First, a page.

6 From conflict to coexistence .............................................................................................................. 25
6.1 What does coexistence look like? ............................................................................................... 26
6.2 Prevention, resolution and management of conflicts ................................................................. 27
7 Special challenges with respect to stakeholder engagement in the context of large carnivores ...... 28
7.1 Scale ............................................................................................................................................. 28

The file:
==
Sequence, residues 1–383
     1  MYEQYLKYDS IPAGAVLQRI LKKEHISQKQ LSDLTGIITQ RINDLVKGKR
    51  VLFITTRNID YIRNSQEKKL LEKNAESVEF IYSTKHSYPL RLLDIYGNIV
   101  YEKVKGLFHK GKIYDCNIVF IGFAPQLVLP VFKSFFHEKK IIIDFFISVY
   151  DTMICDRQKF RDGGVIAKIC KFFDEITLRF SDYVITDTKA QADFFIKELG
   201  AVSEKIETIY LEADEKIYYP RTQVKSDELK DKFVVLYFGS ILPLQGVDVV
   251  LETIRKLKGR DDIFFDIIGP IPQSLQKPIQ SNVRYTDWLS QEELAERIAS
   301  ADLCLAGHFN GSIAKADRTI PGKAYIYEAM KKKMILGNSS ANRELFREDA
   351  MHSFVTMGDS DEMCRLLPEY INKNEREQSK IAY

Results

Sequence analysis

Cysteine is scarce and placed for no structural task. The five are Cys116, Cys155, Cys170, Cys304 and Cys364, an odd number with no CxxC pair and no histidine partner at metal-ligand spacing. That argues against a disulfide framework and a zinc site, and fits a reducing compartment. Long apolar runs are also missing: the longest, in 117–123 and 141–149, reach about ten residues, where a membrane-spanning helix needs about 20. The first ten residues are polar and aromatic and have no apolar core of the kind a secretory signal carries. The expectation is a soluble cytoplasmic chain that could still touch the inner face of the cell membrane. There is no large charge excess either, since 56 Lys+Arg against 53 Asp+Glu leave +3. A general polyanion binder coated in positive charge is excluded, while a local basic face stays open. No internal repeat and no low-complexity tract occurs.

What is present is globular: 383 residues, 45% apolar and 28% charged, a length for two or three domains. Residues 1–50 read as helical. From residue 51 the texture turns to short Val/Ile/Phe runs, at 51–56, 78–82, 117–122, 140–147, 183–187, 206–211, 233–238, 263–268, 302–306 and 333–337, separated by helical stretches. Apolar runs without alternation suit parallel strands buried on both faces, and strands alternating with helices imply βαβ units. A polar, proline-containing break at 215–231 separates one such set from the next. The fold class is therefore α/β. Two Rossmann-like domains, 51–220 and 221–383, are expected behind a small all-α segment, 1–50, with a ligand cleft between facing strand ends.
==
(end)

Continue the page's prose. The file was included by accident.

7.2 Intensity and diversity of conflicts .............................................................................................. 28
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7.3 Symbolism and cultural values .................................................................................................... 28
7.4 Species differences ...................................................................................................................... 28
7.5 Trade-offs .................................................................................................................................... 28
8 Preventing the development of conflicts ........................................................................................... 29
9 Suggestions for concrete activities for stakeholder engagement and reduction of conflicts with large
carnivores .............................................................................................................................................. 30